I opted out of my nutrition symposium to surprise my family back home and have a better visit; the three days at home during Christmas were kind of spoiled by a stomach virus. So glad I decided to come home, it’s nice to spend time with my family and dog, especially before my school life gets busier. Oh, and if you haven’t already, I strongly recommend seeing Les Mis; such a great movie!
Overall, vegetarians have a tendency towards lower BMIs, better health, longer lifespans and reduced rates of chronic diseases, but is it the vegetarian diet itself that’s providing these positive outcomes? It’s still unclear if benefits are derived from; lack of meat, increased fruits and vegetables, or other components of the vegetarian diet. While there is some very clear health benefits derived from plant based diets, there are also risks in terms of adequate nutrients when following an unplanned vegetarian diet. This blog post will explore many aspects of the vegetarian diet, hope you enjoy!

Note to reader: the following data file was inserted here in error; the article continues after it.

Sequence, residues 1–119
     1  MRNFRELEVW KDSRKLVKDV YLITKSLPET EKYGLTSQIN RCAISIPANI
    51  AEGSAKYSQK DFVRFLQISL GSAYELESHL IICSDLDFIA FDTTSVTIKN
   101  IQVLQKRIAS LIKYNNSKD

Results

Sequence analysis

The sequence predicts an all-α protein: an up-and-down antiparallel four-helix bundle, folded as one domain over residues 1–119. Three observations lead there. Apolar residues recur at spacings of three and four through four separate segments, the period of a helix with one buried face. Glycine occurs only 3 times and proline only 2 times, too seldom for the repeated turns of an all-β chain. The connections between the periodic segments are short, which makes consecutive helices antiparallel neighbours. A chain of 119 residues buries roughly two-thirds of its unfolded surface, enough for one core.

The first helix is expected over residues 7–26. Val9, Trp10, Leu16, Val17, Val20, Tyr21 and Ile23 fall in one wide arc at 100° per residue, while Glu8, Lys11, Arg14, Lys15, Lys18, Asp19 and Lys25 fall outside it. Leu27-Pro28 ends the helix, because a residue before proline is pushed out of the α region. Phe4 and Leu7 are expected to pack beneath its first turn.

What exactly does a vegetarian diet entail to? Vegetarian diets are traditionally defined as the absence of meat but there are many variations including lacto-vegetarians (includes dairy), lacto-ovo-vegetarians (includes eggs and dairy), pesco-vegetarian (includes fish) and vegan (no animal products). These diets are characterised by a high intake of fruits, vegetables, soy, nuts, legumes, etc. which independently provide many health benefits.
A pooled analysis of several cohort studies involving about 76000 individuals over about a decade reported that vegetarians had a 24% reduction in death from heart disease when compared to regular meat eaters. Further, people who were only eating meat occasionally had a 20% reduction compared to regular meat eaters in the development of heart disease. Current research indicates the reduction of meat will result in a reduced risk for heart disease. Much of this stems from the differences in BMI’s, cholesterol (reduction in both total and LDL cholesterol) and blood pressure between vegetarians and omnivores. Vegetarians, especially vegans, have significantly lower body weights than the general population; on average, the BMI of vegetarians are 1-2kg/m2 less than omnivores (gender and age matched). In the Adventist Health study, they found that BMI increased as meat consumption increased.